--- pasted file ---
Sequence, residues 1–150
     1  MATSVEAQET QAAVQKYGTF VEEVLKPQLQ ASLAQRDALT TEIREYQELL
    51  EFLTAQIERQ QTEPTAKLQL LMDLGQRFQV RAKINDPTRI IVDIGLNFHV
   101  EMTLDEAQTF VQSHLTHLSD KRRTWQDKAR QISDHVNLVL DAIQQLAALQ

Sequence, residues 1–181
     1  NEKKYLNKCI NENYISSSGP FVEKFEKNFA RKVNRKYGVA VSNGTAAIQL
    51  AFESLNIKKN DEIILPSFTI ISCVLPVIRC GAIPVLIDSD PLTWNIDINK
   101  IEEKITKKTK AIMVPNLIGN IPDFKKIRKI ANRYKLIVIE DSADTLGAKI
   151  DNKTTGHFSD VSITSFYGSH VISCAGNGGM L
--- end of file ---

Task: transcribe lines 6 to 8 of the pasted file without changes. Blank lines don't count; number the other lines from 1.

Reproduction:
     1  NEKKYLNKCI NENYISSSGP FVEKFEKNFA RKVNRKYGVA VSNGTAAIQL
    51  AFESLNIKKN DEIILPSFTI ISCVLPVIRC GAIPVLIDSD PLTWNIDINK
   101  IEEKITKKTK AIMVPNLIGN IPDFKKIRKI ANRYKLIVIE DSADTLGAKI